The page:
Tag Archives: abishai

What to do When Leadership is Wrong

In reading 1 Samuel 26 today, I was astounded by the timing of this story.  David is being pursued by Saul’s army, unjustly, and he decides to sneak into the camp at night.  He gets all the way in to the middle of the army who is sleeping, and kneels beside Saul, his enemy.  David’s friend Abishai, who helped him get there, wants to kill Saul, thinking the Lord has delivered him up to David. Clearly a sign of victory.

But David’s response is (v9), “Do not destroy him, for who can put out his hand against the Lord‘s anointed and be guiltless?” and further (v10), “As the Lord lives, the Lord will strike him, or his day will come to die, or he will go down into battle and perish.”  David escapes with Saul’s spear and jar of water and runs to safety.

Finally, Saul is awakened and David tells him, “23 The Lord rewards every man for his righteousness and his faithfulness, for the Lord gave you into my hand today, and I would not put out my hand against the Lord‘s anointed. 24 Behold, as your life was precious this day in my sight, so may my life be precious in the sight of the Lord, and may he deliver me out of all tribulation.”

Let’s be clear that Saul was clearly wrong.  Saul had heard of David’s presence in the wilderness of Ziph, and had brought 3,000 soldiers to root him out and kill him.  David’s sparing Saul was not because he didn’t have good reason.  No one in the world would have faulted David for quickly, honorably, slaying Saul in his sleep.  Imagine Abishai’s shock, when David decided to spare Saul.  He probably thought, “isn’t this why we came? We’ll never get another shot like this!”

To understand David’s bewildering decision to spare Saul, we must consider David’s motives.  His desire, according to v24, was to be “precious” in the sight of the Lord.  David, who was once the “apple of God’s eye,” had hope for something more than just the temporary pleasure of revenge.  He was under his own persecution, remember.  David was seeking his own relief and absolution.  He saw this situation as an opportunity to extend to Saul what he was seeking for himself.  By cherishing Saul, he would be cherished.  By freeing Saul, when he had the chance to kill him, he would be freed from his own tribulation.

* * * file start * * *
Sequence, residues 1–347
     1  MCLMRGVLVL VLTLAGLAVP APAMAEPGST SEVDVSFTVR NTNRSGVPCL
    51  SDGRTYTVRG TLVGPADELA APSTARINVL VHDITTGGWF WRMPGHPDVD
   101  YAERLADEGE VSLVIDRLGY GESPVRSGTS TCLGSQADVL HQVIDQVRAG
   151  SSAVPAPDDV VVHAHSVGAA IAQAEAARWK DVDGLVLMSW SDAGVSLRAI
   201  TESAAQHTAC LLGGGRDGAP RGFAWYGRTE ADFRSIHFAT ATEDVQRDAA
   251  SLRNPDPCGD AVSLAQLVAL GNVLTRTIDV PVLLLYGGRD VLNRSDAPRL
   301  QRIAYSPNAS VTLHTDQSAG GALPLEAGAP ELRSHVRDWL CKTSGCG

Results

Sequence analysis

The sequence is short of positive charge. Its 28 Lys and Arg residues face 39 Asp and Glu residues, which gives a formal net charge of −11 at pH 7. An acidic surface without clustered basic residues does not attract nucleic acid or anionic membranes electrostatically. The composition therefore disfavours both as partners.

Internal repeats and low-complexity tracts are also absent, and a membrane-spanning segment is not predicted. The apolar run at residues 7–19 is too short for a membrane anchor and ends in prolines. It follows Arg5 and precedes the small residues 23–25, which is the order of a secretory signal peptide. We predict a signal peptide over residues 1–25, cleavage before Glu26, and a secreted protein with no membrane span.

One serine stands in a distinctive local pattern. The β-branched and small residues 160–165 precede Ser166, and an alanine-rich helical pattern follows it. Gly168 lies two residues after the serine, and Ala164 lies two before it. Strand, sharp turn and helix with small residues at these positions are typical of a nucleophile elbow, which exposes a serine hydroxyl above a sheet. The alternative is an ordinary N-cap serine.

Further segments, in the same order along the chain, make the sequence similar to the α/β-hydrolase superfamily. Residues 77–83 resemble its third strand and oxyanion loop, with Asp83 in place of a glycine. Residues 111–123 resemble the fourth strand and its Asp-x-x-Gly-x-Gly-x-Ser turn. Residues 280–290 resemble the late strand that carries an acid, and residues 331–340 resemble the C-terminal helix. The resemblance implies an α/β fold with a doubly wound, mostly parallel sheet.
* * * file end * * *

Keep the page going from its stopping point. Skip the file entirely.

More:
How often do we have opportunity to take down our leaders, who are put there by God, according to Romans 13:1?  David understood two things: 1. when we act against the Lord’s anointed (no matter how they lead), we are taking our own blood in our hands, not theirs, and 2. we receive from God what we are willing to extend to others.  1,000 years later, God came to earth and told us the same thing (Luke 6:37-38).

So the next time we disagree with a leader, or are plainly wronged by them, and all the stars align to give us a clean shot to “make things right,” I pray that we would be more like David than Abishai…that we would have a greater desire to be cherished by God, and rest in the hope that it is God who is really at work, not man.

David’s unusual response led to Saul’s repentence, blessing and peace.  This is what Christians should be fighting for.

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